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All About Internet Poker


If you're playing poker for the first time, you'll need to do some learning before you click into a game online, even if it's only for play-money. Poker is a house that requires a foundation. Only when that foundation is secure you can go ahead and build on it. When all the elements are solidly fixed to the structure, you can begin to add flourishes and decorative touches. But you can't begin embellishing anything until the foundation is poured, the building is framed, and all the other elements that come before it are in place. In this site, we put first things first - where they belong - and provide a basic understanding of what you need before you play.

You don't have to be one of the best players in the world to earn money at poker - that's one of the best things about it. If you learn to play at a level akin to that of a moonlighting musician, you'll be good enough to win consistently. While it's true you'll have to play far better to make a lot of money, even a good, work-a-day poker player can supplement his or her "day job" income.
Determined work, study, practice, and analysis make lifelong winning players. If you apply yourself, you'll have a hobby that pays, and with the growing prevalence of Internet poker, you won't have to go further than your PC or laptop to ply your skill!

Even if you've never played poker before - anytime, anywhere for any limits, not even across the kitchen table with Uncle Billy and Aunt Edie - you can learn.

The Real Basics

Poker is a simple games; even a child can learn it. It's a game of money and of people, played with cards. The object of the games is to win money or chips, collectively called the "pot," wagered during the play of each hand. (Don't get confused here, but a hand also refers to the cards in a player's possession.) A pot can be won in just two ways:

- By showing down the best hand: When two or more players are still active after all betting rounds are over, they show down their hands by turning them face up. The player holding the best hand wins the pot. While with in-the-flesh play it's possible for an all-too-human dealer to goof by misreading your winning hand at showdown, in Internet poker it's not. Online, your winning hand will always be rewarded, whether you've read it correctly or not. As long as you've called all bets in the final round (or gone "all-in," meaning you've put the remainder of your table stakes into the pot in the course of the hand), the games' "invisible dealer" automatically awards you the pot, or whatever portion of it you're entitled to if you've gone all-in.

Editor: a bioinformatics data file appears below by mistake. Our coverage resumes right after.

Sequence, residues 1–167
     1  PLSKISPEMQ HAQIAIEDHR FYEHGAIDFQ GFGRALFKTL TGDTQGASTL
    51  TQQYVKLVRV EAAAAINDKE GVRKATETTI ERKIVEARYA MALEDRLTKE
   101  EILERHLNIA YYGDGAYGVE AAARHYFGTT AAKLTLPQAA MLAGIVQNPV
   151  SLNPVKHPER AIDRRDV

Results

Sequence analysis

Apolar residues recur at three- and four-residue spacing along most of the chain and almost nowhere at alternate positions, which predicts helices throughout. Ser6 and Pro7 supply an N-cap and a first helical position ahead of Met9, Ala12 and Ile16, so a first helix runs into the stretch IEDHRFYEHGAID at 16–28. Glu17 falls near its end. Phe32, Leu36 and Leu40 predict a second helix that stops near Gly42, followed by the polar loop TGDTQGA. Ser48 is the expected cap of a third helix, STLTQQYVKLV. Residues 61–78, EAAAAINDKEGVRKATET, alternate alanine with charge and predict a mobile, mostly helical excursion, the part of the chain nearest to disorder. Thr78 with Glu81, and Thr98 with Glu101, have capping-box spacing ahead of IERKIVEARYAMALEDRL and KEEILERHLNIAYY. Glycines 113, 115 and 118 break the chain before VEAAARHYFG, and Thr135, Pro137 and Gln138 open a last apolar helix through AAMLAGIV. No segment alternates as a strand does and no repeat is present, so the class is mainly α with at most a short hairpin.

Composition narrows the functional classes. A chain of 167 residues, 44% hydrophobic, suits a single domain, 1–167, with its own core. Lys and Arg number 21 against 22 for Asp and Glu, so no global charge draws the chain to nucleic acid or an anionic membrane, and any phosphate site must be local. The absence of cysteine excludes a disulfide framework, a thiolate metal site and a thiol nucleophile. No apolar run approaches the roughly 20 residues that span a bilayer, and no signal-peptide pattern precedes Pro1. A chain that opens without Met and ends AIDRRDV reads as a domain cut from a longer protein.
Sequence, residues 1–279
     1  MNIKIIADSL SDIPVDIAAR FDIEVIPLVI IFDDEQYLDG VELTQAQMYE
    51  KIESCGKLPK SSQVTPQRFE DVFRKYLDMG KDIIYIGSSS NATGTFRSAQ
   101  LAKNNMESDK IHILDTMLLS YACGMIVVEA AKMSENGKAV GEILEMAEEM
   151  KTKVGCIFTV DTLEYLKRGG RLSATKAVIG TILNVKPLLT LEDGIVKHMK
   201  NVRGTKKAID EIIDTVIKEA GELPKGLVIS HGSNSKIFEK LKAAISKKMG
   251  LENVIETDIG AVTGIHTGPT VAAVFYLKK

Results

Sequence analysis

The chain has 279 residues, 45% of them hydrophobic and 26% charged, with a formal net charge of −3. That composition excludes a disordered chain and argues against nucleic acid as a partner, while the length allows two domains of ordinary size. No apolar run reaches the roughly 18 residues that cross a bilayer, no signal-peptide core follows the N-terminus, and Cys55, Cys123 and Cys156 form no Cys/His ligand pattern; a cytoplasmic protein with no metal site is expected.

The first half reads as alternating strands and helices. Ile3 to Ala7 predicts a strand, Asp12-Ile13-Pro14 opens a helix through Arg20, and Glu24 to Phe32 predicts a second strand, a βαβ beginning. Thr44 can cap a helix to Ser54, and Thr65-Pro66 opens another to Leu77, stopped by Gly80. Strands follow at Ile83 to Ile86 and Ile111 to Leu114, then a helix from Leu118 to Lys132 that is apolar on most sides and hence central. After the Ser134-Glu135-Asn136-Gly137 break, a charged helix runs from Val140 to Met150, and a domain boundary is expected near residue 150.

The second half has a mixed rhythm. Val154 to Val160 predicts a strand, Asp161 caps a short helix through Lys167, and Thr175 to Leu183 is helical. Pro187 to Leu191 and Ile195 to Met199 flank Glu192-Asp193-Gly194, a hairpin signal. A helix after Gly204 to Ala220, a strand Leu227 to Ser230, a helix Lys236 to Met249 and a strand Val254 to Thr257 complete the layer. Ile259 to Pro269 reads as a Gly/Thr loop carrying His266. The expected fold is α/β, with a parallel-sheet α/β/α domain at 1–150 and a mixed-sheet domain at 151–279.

- By having all opponents fold their hands: No, their hands aren't clasped in front of them. Folding means a player relinquished any claim to the pot by deciding not to match (call) an opponent's bet. He discards his hand - also called "folding" or "mucking." To "muck" one's hand means to fold it. Either way you put it, those losers bit the dust. But in Internet poker, rather than see folded cards in a physical discard pile, or "muck," you'll simply see them vanish into the void of cyberspace. Poof! They're gone!

If you win the pot because all your opponents fold, you may have had the best hand, or you may have been bluffing it doesn't matter. If all others surrender their claim to the pot, it belongs to you.

Single Pots versus Split Pots

Seven-card stud, hold'em, and Omaha high have a single pot that's divided only in cases of a tie for best hand. In split-pot games like Omaha/8 or 7-stud/8, the best high hand and the best qualifying low hand divide the spoils, provided someone makes a low hand. Five unpaired cards, all with a rank of eight or lower, comprise a low hand. While there's always a high hand in split-pot games, there isn't necessarily a low hand. When there's no qualifying low at showdown, the high hand "scoops" - it wins the entire pot.

Blinds and Antes: Forced Bets to Stimulate Action

Games with community cards, like hold'em and Omaha, require forced "blind bets" to start each hand. One or two players are required to make a bet - or portion of a bet - before the hand is dealt. Because this requirement rotates around the table, each player pays his share of "blinds".
"Board" games, like seven-card stud and 7-stud/8, in which players have only their own cards and no community cards use antes instead of blinds. Antes are token bets required of each player before the hand is dealt. Antes and blinds serve the same purpose; they stimulate action by seeding pots with money.

Each time a hand is dealt in hold'em or Omaha, players must fold, call, or raise the blind bet. In stud games they fold, call, or raise a forced "bring-in" bet. The bring-in bet put up by the player holding the lowest card dealt face up on the first wagering round. Antes and "bring-in" both go into the pot. In razz - seven-card stud played for low only - the high card on the first betting round is the forced bring-in (although razz is seldom dealt in either cyberspace casinos or brick and mortar casinos).

On the second and all subsequent rounds of betting, the first player to act may either check - which amounts to a bet of nothing - or bet. If he checks, the next player in turn may check or bet. Once a wager has been made, however, the next player to act must either fold his hand; call the bet by matching the amount of the wager, or raise. In most Internet poker games, as in the vast majority of casinos, a bet and three or four raises are permitted on each round of betting.

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